The escalating trade war against China, threats of sanctions over allegations of Uyghur detention camps in Xinjiang, disturbances in Hong Kong, threats of sanctions if China buys Russian defense equipment, are all aimed at disrupting the sole emerging threat to Washington’s global order based on fear and tyranny. How China’s authorities are trying to deal with this full assault is another issue. The context of events in Xinjiang however needs to be made clear. The West and especially Washington is engaged in full-scale irregular war against the stability of China. China’s Uyghur Problem.
[An update to my previous post in these pages, Uyghurs, Political Islam and the Belt and Road.]
Uyghur terrorists have killed 1200 Chinese in the past ten years and, since 2014, more than 1,500 terrorist gangs have been destroyed, 13,000 terrorists arrested and 2,000 explosive devices seized in Xinjiang. In 2015, China passed its Counter-terrorism Law, which allows Beijing to take all necessary measures to put down any activities or behavior it deems threatening to state security and sovereignty. These threats can be summarized by the oft-recited Chinese goal of ridding itself of “the three evils” – terrorism, separatism and religious extremism. The law was created in response to seven terrorist attacks in China between the start of 2013 and the summer of 2014, five of which were in Xinjiang and all of which were affiliated with the East Turkestan Islamic Movement, which is active in Syria.
Since 2013, thousands of Uighurs, a Turkic-speaking Muslim minority from western China, have traveled to Syria to train with the Uighur militant group Turkistan Islamic Party and fight alongside al-Qaida, playing key roles in several battles. Syrian President Bashar Assad’s troops are now clashing with Uighur fighters as the six-year conflict nears its endgame. AP Exclusive: Uighurs fighting in Syria take aim at China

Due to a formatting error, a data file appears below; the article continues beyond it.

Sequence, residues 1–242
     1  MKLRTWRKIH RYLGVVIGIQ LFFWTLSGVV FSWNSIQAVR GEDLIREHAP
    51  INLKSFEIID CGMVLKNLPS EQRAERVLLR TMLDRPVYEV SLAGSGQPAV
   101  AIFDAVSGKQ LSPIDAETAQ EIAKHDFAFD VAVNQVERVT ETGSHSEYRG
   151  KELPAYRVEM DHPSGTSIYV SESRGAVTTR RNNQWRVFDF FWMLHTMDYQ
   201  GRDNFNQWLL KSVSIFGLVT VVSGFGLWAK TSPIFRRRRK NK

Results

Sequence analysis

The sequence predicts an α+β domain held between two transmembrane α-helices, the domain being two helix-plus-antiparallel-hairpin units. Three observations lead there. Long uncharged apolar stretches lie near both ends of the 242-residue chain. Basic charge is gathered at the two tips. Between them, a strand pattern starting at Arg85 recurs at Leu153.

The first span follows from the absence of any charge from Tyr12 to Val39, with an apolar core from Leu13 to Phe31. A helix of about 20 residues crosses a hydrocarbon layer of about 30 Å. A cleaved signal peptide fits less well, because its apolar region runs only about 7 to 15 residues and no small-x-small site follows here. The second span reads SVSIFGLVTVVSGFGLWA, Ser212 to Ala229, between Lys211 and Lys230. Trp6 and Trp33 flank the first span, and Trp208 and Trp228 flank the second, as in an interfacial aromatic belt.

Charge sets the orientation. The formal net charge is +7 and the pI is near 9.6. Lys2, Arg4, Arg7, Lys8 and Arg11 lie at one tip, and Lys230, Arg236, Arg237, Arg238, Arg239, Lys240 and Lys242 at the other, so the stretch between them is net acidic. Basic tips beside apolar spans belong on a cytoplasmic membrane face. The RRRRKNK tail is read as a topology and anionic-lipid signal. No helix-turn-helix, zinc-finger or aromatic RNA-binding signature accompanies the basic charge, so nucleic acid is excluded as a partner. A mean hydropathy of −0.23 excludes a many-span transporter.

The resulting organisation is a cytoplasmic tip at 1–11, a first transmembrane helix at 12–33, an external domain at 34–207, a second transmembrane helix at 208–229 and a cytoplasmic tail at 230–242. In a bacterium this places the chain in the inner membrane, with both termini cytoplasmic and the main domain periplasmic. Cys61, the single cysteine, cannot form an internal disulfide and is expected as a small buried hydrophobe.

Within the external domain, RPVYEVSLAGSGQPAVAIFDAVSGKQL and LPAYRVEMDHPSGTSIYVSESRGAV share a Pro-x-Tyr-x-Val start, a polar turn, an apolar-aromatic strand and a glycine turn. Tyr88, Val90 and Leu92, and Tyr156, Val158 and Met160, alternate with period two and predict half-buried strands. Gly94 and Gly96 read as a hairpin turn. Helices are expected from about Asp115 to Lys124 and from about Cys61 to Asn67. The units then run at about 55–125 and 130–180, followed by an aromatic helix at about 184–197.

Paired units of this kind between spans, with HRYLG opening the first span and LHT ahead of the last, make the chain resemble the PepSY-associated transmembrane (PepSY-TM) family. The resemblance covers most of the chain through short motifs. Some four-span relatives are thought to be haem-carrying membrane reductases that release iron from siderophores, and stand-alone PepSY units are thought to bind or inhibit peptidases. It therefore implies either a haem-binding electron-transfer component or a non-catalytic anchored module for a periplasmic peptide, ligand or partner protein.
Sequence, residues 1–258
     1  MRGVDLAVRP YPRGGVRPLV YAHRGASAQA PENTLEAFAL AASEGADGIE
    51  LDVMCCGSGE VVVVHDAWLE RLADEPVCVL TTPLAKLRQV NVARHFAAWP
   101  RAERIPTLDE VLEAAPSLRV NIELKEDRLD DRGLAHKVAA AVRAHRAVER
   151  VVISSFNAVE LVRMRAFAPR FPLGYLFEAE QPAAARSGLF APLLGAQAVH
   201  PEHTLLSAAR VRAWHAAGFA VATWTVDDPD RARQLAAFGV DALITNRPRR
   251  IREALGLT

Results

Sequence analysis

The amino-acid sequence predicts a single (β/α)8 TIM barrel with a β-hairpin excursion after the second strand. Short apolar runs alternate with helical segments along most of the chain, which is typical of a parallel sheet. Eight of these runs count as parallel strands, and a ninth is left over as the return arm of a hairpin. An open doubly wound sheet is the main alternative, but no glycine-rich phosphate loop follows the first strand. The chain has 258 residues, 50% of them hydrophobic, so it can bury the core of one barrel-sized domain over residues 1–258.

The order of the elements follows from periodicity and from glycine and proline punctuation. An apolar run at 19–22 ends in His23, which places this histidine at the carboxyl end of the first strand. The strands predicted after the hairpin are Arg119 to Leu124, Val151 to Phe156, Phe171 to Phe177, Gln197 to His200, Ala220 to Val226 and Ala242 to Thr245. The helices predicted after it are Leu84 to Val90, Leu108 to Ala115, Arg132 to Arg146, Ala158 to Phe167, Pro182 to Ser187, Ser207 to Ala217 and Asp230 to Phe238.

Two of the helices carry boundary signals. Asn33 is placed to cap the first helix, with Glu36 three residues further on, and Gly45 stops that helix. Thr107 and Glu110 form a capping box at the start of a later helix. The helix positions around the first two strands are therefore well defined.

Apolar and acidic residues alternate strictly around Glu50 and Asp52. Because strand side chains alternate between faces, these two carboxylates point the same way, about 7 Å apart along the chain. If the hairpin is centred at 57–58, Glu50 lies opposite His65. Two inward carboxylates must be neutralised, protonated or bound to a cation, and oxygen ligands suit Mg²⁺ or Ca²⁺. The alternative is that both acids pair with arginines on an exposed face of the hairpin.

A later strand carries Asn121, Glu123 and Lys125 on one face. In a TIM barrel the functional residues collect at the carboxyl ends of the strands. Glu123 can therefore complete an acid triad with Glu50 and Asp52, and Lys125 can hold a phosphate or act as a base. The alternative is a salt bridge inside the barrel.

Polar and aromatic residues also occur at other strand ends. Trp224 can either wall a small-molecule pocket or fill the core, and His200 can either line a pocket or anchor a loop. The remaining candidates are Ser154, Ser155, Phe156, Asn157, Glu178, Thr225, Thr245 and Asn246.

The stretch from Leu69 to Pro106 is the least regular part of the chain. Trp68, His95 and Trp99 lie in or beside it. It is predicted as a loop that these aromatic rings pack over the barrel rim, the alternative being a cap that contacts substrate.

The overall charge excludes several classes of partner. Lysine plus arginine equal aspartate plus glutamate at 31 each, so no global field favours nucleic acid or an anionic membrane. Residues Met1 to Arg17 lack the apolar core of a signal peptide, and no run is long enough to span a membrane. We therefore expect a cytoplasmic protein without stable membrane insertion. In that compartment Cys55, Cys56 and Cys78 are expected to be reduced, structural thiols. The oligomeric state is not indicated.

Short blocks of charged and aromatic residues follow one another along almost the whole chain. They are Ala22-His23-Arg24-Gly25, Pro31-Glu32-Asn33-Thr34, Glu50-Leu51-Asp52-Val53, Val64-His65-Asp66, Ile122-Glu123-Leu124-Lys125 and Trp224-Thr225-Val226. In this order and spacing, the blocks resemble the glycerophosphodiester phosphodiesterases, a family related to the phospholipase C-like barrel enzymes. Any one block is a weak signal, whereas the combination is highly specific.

There are twenty million Muslim Chinese: Hui 10 million, Uyghurs 8.4 million and Kazakhs 1.25 million. Most of China’s Uyghurs live in rural the Xinjiang Uyghur Autonomous Region (total pop. 22 million) on China’s northwestern frontier and show little interest in learning Mandarin. Many are illiterate and many speak a Turkic language written in Arabic script, making them almost unemployable.
China’s Uyghurs should be glad they’re not Americans. In 2011, for preaching identical Wahabbism, President Obama executed Anwar al Awlaki, an American and separately executed his sixteen-year-old son and eight-year-old daughter, all without trial.
US Ambassador Chas Freeman observed, “The CIA programs in Tibet, which were very effective in destabilizing it, did not succeed in Xinjiang. There were similar efforts made with the Uyghurs during the Cold War that never really got off the ground. In both cases you had religion waved as a banner in support of a desire for independence or autonomy which, of course, is anathema to any state. I do believe that people who live in glass houses shouldn’t throw stones applies here. I am part American Indian and those people are not here (in the US) in the numbers they once were because of severe genocidal policies on the part of the European majority”.
When the re-education issue surfaced in February China invited the EU, the World Muslim Council and thirteen majority-muslim nations to send inspectors to Xinjiang. The World Muslim Council and twelve majority-muslim nations accepted, the EU refused. Turkey, too, refused and criticized China but then praised China and refused to sign the petition.
Last week the New York Times reported, “In a letter to the United Nations High Commissioner for Human Rights, Michelle Bachelet, twenty-two states told China to uphold its own laws and international obligations, and stop arbitrary incarceration of Uighurs and other Muslim and minority communities, and permit freedom of religion.”